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Your search found 4 Results

  1. 1

    International migration.

    Population Index. 1948 Apr; 14(2):97-104.

    Research in migration has been peculiarly susceptible to the changing problems of the areas and the periods in which demographers work. American studies of international movements diminished after the passage of Exclusion Acts, and virtually ceased as immigration dwindled during the depression years. On the other hand, surveys of internal migration proliferated as the facts of mass unemployment and the social approaches of the New Deal focused governmental attention on the relation of people to resources and to economic opportunity. Geographers and historians took over the field the demographers had vacated. The studies of pioneer settlement directed by Isaiah Bowman and those of Marcus Hansen dealing with the Atlantic crossing are outstanding illustrations of this non-demographic research on essentially demographic problems. Even when demographers investigated international movements they served principally as quantitative analysts of historical exchanges. This is not to disparage such studies as that of Truesdell on the Canadian in the United States, or of Coates on the United States immigrant in Canada, but merely to emphasize the point that Americans regarded international migration as an issue of the past. (excerpt)
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  2. 2

    Hasta la vista, paradise.

    Deyal T

    Perspectives in Health. 2003; 8(2):26-29.

    More and more, nurses in the Caribbean have been packing their bags and heading for countries with less-than-perfect climates to get better pay and more respect. Now the region is looking for ways to keep them from leaving – and even to lure those abroad back home. (author's)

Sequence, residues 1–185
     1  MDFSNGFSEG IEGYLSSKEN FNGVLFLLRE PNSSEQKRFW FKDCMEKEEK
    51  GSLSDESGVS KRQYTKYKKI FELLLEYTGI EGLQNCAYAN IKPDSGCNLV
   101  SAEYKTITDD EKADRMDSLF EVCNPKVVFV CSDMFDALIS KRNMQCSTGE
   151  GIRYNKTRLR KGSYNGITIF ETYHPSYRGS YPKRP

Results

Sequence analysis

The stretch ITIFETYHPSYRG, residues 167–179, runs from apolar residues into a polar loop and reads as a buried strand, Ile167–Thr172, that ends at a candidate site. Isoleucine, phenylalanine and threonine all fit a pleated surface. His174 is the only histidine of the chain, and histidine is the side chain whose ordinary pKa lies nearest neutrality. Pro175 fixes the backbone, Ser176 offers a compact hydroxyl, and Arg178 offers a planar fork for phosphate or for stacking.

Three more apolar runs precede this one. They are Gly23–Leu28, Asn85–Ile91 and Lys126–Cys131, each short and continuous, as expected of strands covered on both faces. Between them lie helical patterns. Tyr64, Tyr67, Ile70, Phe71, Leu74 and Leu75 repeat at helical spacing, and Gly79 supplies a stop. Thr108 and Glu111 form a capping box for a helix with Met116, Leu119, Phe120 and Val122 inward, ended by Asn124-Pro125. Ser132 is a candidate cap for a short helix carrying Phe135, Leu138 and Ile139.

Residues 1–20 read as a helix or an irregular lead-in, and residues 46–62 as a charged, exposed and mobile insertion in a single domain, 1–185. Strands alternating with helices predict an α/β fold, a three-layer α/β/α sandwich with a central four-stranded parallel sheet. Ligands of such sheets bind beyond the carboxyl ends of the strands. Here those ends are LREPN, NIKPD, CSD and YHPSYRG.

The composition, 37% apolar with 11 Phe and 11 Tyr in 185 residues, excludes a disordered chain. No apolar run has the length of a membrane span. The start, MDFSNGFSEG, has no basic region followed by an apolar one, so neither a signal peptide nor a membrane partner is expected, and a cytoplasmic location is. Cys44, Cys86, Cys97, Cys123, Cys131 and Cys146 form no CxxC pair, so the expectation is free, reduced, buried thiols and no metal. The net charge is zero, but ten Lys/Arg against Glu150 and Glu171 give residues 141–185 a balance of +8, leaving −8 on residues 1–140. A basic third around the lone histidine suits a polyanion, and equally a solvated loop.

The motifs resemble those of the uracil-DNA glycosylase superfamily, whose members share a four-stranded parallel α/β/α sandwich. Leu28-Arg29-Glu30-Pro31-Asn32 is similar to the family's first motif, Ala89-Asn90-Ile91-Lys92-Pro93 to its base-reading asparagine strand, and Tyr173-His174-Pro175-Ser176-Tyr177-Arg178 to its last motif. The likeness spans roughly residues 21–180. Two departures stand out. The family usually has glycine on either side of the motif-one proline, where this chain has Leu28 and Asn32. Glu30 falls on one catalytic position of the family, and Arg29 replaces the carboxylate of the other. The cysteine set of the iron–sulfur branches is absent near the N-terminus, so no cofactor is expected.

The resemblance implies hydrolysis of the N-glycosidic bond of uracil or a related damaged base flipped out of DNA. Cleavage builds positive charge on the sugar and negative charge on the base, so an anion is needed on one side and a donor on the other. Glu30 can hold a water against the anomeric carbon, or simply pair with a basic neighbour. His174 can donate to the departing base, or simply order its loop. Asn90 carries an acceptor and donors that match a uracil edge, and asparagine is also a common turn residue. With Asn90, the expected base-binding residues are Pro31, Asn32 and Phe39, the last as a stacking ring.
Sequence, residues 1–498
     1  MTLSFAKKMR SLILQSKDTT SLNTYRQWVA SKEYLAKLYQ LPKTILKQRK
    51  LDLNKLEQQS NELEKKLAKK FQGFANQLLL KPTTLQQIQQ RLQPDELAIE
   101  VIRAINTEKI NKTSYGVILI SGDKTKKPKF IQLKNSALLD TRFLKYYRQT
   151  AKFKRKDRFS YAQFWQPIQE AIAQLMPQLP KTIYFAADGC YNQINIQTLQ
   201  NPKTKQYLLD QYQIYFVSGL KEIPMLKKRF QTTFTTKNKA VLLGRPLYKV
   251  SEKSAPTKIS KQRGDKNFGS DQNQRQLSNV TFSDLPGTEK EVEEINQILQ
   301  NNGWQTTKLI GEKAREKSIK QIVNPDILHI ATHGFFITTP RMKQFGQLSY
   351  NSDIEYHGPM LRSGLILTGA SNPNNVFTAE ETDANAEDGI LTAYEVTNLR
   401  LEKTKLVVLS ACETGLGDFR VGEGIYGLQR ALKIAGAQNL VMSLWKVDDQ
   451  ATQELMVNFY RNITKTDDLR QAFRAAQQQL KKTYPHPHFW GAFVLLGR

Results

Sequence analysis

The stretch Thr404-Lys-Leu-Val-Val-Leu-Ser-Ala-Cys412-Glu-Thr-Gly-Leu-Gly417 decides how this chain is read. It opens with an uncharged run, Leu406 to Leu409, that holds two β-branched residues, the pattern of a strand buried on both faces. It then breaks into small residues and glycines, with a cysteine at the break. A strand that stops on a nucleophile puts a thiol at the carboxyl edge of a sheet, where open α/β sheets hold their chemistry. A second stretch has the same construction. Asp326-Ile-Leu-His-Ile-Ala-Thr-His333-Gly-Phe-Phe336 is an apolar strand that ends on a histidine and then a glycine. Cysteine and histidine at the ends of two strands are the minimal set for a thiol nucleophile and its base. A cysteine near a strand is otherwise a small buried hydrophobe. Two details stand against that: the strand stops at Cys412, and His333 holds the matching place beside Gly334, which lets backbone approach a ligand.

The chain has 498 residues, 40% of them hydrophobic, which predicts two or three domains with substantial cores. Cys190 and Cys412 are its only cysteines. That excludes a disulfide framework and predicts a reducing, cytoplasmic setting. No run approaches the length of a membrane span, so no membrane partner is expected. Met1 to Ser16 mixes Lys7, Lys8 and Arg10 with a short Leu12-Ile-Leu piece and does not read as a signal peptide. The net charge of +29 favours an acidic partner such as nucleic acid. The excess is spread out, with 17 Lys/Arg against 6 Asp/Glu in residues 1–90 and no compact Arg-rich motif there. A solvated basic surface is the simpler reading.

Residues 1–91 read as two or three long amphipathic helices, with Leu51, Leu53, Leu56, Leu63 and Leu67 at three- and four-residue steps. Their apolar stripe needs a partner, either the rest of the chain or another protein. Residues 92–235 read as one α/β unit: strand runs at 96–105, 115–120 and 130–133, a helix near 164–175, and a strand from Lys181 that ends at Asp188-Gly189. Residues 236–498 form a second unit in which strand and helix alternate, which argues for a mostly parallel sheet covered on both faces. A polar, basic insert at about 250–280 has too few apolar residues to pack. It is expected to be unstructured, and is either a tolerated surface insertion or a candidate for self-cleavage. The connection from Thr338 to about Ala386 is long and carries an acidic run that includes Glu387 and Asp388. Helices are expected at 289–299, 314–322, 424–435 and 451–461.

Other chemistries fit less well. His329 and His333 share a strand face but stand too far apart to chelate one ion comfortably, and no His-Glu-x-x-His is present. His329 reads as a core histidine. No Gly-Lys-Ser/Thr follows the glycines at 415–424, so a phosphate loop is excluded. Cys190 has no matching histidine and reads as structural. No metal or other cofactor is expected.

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  3. 3

    Trends, patterns and implications of rural-urban migration in India, Nepal and Thailand.

    United Nations. Economic and Social Commission for Asia and the Pacific [ESCAP]

    New York, New York, United Nations, 1995. xii, 243 p. (Asian Population Studies Series No. 138; ST/ESCAP/1572)

    This UN study presents a detailed analysis of rural-urban migration, based on results from the 1990-91 round of population censuses for Nepal, India, and Thailand. The Asia and Pacific region is urbanizing at a rapid pace. Urban growth in Nepal, India, and Thailand increased during the 1970s-1980s and declined during the 1980s-1990s. Rural-urban migration was lower during the 1980s in India and Thailand compared to the 1970s, but in Nepal the level of migration increased. There was no consistent pattern of urban concentration or deconcentration in India and Thailand, but Nepal's capital, Kathmandu, grew at a faster rate than the urban average. Some cities in India grew more rapidly during the 1980s, such as Greater Bombay, Hyderabad, Pune, Lucknow, Surat, Jaipur, and Kochi, with rates above 3.9%. Although Bangkok Metropolis declined from 61% to 58% in urban population, the five provinces bordering Bangkok grew by at least 4%. During the 1980s, Kathmandu and Pokara grew at a rate of 7.1% compared to the national average of 4.4%. Of the 7.3% of Indian total population who were migrants during 1976-81, 20% (50 million) were rural-urban migrants. Of the 8.0% (4.0 million) of Thai total population who were migrants in 1985-90, about 20% were rural-urban migrants. During 1990-91 there were 97,109 migrants among Nepal's total population (0.5%), of which 24% were rural-urban migrants. Each country prepared population projections to 2011. The proportion of female migrants increased in India. In all three countries, female migrants outnumbered male migrants for the most part. A wide variety of policy recommendations were suggested in each report. The main issue is whether decentralized industrial policies can reduce rural-urban migration. All studies needed improved data and research.
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  4. 4

    Setting norms in the United Nations system: the draft convention on the protection of the rights of all migrant workers and their families in relation to ILO in standards on migrant workers.

    Hasenau M


    The author reviews the U.N.'s draft proposal concerning the rights of migrant workers and their families. "This article examines the nature and scope of obligations under the United Nations Convention and contrasts them with existing international standards. In the light of the elaboration of the U.N. Convention, the conditions of future normative activities to limit negative consequences of a proliferation of instruments and supervisory mechanisms are outlined." Consideration is given to human and trade union rights, employment, social security, living and working conditions, workers' families, expulsion, and conditions of international migration. (SUMMARY IN FRE AND SPA) (EXCERPT)
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